Thursday, July 16, 2015

DOL Weighs in on Employee vs. Independent Contractor Classification

Not official use.
One of my least favorite topics to teach in my employment law course is the definition of "employee" (vs. independent contractor, trainee/intern, volunteer, or something else). Why? There are several different tests; they can have a dozen or so factors each; and the kicker... some courts use one test, some use another, some use a hybrid, and the tests also sometimes vary depending on the circumstances. The Department of Labor often weighs in on these issues, but as we found out recently, courts don't always follow DOL's interpretation. I can barely make sense of it all, so explaining it to undergraduate students with no legal background is a tough task.

For what it's worth, yesterday the DOL issued Administrator’s Interpretation No. 2015-1 Re: The Application of the Fair Labor Standards Act’s “Suffer or Permit” Standard in the Identification of Employees Who Are Misclassified as Independent Contractors (catchy title!).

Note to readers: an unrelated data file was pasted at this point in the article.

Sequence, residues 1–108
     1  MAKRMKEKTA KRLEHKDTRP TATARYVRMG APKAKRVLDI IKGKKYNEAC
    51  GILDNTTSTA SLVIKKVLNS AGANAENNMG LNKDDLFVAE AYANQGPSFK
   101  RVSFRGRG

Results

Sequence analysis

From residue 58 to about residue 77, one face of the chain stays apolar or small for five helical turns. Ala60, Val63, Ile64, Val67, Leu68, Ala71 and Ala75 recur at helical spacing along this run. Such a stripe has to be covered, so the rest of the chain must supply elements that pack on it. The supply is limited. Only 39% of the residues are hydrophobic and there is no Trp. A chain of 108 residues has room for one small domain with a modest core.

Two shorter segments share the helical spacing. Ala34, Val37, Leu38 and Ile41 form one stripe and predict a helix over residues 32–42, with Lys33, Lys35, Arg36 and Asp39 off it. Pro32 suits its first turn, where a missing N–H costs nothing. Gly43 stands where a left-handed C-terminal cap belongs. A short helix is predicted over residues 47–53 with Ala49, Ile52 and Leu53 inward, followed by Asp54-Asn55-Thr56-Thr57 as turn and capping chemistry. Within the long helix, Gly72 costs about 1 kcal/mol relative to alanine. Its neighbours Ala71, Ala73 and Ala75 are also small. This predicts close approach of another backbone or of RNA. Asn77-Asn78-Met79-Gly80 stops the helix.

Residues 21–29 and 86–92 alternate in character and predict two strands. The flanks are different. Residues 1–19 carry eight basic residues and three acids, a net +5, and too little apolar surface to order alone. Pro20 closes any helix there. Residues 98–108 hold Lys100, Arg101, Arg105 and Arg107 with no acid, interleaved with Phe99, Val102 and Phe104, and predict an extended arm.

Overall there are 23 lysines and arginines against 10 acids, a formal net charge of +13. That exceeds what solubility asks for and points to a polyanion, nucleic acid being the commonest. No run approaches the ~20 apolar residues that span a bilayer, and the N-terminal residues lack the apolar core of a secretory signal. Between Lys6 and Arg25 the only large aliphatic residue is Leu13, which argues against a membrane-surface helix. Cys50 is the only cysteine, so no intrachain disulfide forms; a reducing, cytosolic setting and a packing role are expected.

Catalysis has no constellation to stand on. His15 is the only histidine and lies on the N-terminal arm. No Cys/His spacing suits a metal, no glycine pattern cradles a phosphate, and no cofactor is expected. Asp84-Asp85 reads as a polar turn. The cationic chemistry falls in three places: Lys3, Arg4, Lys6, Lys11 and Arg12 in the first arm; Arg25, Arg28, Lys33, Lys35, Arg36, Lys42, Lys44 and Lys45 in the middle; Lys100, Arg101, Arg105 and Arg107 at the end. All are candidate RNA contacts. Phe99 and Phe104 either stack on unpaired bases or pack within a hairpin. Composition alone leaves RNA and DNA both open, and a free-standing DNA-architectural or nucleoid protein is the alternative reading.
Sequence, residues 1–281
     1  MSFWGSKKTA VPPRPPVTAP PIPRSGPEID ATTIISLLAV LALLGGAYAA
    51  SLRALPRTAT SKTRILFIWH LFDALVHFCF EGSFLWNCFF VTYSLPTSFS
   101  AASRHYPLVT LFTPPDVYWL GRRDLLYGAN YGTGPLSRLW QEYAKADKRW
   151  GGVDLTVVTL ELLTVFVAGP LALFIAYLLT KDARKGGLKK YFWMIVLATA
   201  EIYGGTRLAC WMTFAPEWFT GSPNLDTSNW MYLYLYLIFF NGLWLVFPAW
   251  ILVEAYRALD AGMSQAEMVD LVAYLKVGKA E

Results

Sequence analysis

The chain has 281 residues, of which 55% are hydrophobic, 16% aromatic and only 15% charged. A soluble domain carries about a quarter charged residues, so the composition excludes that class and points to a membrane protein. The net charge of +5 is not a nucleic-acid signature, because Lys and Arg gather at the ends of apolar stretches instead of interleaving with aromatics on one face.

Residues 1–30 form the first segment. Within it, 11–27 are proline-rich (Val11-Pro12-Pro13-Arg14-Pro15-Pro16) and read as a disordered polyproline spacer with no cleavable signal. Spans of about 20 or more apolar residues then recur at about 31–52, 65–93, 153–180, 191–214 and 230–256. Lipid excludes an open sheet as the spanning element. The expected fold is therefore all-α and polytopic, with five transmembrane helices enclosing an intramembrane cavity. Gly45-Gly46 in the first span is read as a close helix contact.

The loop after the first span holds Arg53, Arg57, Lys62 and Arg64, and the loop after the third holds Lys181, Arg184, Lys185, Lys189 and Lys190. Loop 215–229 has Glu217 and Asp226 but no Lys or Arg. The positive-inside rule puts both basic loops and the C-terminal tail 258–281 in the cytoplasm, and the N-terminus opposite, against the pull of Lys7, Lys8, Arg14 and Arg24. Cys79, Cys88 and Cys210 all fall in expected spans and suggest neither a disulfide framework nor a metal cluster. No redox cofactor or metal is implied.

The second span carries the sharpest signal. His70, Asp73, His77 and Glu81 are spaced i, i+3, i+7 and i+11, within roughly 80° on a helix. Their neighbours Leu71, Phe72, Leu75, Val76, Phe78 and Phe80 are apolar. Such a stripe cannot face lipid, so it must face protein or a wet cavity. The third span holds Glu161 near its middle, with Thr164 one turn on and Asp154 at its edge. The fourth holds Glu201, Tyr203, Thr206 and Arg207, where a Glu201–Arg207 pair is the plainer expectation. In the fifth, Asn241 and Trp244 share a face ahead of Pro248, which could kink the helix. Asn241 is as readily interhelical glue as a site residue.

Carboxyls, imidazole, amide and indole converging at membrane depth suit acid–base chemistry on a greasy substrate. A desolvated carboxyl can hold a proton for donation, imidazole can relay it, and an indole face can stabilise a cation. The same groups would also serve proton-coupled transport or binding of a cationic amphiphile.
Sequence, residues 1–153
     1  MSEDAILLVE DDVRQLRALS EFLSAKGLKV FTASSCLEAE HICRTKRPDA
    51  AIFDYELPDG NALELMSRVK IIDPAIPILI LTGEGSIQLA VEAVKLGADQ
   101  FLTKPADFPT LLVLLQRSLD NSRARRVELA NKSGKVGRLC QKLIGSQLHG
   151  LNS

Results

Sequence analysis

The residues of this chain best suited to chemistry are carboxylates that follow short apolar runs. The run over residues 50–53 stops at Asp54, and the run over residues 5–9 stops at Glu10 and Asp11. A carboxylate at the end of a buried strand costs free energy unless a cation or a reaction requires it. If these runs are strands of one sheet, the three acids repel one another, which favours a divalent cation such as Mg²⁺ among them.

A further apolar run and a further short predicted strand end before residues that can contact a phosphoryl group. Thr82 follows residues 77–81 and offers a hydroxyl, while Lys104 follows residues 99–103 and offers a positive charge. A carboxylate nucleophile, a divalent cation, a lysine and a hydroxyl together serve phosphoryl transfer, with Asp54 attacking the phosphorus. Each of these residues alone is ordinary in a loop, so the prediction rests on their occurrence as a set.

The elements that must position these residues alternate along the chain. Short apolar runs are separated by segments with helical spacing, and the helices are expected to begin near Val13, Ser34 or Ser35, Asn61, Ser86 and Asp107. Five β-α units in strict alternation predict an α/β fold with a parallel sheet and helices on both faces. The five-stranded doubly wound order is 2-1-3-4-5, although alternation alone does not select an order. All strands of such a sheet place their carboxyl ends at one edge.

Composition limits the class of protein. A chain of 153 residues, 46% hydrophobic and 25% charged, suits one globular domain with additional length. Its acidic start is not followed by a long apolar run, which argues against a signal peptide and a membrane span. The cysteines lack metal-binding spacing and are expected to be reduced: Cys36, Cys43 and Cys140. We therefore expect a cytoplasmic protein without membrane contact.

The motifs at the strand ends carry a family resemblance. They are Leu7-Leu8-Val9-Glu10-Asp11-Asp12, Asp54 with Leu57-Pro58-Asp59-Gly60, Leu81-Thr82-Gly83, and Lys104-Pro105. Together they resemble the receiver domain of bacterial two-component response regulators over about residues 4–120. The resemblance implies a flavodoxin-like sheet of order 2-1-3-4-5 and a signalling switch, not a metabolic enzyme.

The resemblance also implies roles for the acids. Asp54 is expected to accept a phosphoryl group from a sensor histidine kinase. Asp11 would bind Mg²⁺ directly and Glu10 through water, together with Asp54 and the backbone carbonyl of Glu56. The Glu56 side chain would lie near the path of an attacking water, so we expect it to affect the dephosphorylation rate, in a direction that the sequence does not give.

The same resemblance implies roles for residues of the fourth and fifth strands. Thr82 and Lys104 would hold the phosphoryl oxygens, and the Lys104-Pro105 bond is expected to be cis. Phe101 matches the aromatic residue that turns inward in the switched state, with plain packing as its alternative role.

So, what tests are in play? The primary contenders are:
  • Economic realities test - "[F]ocuses on whether the worker is economically dependent on the employer or in business for him or herself."
  • Common law test - "[B]ased on the employer’s control over the worker" (specifically, control over when, where, and how the work gets done).
In it's latest interpretation, DOL came down in favor of the economic realities test. The exact flavor of economic realities test varies from court to court, but the interpretation notes these factors:
(A) the extent to which the work performed is an integral part of the employer’s business; 
(B) the worker’s opportunity for profit or loss depending on his or her managerial skill; 
(C) the extent of the relative investments of the employer and the worker; 
(D) whether the work performed requires special skills and initiative; 
(E) the permanency of the relationship; and 
(F) the degree of control exercised or retained by the employer.
Astute readers may note that the final factor sounds an awful lot like the "common law test." Ummm, yeah... it does. The tests are different, but there's a lot of overlap. DOL was also quick to note that "no single factor is determinative. The 'control' factor, for example, should not be given undue weight."

To the surprise of no one, DOL picked the broader definition. Classification remains more art than science.